For DSLR shooters, the cool current "must-have" feature is Clean HDMI. When used in conjunction with a digital recorder, cameras like the Nikon D4 and D800, as well as the Panasonic GH2 and a few others, can capture high-quality ProRes files via the cameras' HDMI output. ProRes is a lossy intermediate codec that gives you a much higher bit rate and less compression artifacts than your DSLRs' H.264 or AVCHD file formats. One of the most popular recorders, the Atomos Ninja 2, can record 10-bit ProRes or Avid DNxHD files and has really swayed a lot of DSLR shooters to the Nikon D800 over the Canon 5D Mark III, which doesn't offer Clean HDMI.
I recently shot some footage with the Nikon D800 capturing ProRes files to the Ninja, as well as capturing H.264 (Nikon uses B-frame data compression at 24 Mb/s) files to CompactFlash cards. On paper and in theory, I was expecting to see a huge difference between the two, but when I sat down and compared the 1920x1080 shots on my 15-inch MacBook Pro—I have to be honest—I couldn't tell the difference between the two shots. (We should acknowledge that the Nikons still capture only 8-bit instead of 10-bit ProRes 422 files when used with the Ninja).
I was also pretty surprised at how poorly I faired in selecting the best cameras (i.e., most expensive) from the Zacuto web series Revenge Of The Great Camera Shootout 2012. In the episodes, viewers are asked to distinguish between a full range of digital camera systems, including the 16-bit Sony F65 to the iPhone 4S. (I'm the editor of HDVideoPro. I should know these things.)
I recently spoke with Neil Smith, who is the Managing Director and DI Supervisor of Hollywood DI, about color perception and sensor resolution (aka bit depth), in particular the difference between 8-bit and 10-bit. The boutique post house has finished numerous independently financed films that have made it to the big screen, including Like Crazy, the 2011 Sundance Grand Jury Prize Winner that was shot with a Canon 7D. According to Smith, there's no straightforward answer. "If you have a choice, 10-bit is the way to go over 8-bit, and you'll see differences with scenes that have a lot of fine gradations," he explains. "You probably would not want to shoot a sunset scene at the Grand Canyon in 8-bit."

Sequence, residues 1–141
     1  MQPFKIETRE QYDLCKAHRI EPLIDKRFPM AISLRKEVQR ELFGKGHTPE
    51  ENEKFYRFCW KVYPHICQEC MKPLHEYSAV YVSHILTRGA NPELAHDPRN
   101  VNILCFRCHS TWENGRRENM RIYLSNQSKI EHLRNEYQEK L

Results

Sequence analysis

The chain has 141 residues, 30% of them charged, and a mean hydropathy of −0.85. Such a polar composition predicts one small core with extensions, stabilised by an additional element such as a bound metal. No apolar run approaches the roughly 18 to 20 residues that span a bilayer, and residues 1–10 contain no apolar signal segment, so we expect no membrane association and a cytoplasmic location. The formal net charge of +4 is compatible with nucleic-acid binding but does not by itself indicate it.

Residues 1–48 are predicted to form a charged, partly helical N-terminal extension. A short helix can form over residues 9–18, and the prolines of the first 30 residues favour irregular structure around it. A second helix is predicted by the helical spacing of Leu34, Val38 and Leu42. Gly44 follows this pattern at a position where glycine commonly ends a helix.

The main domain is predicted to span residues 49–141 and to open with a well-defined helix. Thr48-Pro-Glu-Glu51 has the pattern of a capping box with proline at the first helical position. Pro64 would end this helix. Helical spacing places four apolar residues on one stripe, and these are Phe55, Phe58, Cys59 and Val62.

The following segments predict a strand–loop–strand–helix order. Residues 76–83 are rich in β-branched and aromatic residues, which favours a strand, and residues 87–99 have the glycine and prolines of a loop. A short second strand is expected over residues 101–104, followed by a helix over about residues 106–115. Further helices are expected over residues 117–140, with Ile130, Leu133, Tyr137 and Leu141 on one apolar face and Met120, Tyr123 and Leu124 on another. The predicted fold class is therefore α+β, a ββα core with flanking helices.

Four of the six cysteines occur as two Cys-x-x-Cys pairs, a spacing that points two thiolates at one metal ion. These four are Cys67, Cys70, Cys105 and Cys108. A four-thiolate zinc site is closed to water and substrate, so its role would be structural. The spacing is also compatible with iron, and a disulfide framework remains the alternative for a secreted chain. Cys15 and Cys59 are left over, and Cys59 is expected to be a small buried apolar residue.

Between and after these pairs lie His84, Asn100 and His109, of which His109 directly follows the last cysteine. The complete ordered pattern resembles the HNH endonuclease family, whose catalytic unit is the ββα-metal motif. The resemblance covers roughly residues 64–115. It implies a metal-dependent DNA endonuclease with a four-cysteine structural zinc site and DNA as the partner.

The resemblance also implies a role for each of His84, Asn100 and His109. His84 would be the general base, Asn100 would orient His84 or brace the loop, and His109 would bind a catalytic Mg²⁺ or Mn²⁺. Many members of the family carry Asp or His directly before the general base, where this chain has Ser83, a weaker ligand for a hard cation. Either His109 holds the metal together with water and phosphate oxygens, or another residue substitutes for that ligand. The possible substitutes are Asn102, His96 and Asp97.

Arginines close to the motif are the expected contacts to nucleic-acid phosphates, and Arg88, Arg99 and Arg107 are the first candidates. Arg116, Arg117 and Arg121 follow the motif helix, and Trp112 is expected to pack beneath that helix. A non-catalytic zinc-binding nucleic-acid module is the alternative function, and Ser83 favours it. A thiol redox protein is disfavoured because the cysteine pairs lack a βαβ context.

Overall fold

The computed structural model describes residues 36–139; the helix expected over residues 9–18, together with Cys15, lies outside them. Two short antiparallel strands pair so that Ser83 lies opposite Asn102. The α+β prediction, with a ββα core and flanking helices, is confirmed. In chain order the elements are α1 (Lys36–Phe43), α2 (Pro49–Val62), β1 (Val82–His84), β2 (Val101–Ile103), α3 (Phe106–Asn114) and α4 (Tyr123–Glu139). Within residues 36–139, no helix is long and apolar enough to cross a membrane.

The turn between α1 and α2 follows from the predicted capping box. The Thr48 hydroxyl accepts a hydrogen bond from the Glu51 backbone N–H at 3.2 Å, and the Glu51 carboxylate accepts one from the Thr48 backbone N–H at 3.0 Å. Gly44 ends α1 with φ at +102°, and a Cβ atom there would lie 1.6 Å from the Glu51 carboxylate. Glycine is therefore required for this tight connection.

If you didn't know, bit depth measures the number of bits to ID the color of one pixel in your video image. There are 256 levels of gray for 8-bit color, and 10-bit has 1,024 levels, which is four times as much color information in terms of gray-scale information. Sounds like a lot, right?
But having said that, Smith also believes that if you find the right sweet spot in a shot, and there's not a lot of gradation with bad moire-type effects, even the experts won't usually see a difference. Smith worked with cinematographer Rodney Charters in the early days of the 5D Mark II, and even though the images were shot by an ASC cinematographer, Smith was still shocked at how good the 8-bit images looked. According to Smith, he asked Canon engineers on how they could get such a great-looking image from 8-bit, and their response was, "As long as you have the right 8-bit, you're fine." DSLRs like the 5D Mark III have 14-bit sensors, but for video capture, they're converted down to 8-bit. It's this 8-bit "secret sauce" that the experienced engineers are able to pull off. "If the engineers are getting the right 8-bit in that final codec, it's visibly lossless," says Smith. "Now if you're doing vfx pulls, do you want to be working in 8-bit? I don't think so, but if you're shooting normal video like close-ups, skin tones, medium shots, you should be fine. Besides, what's two bits between friends?
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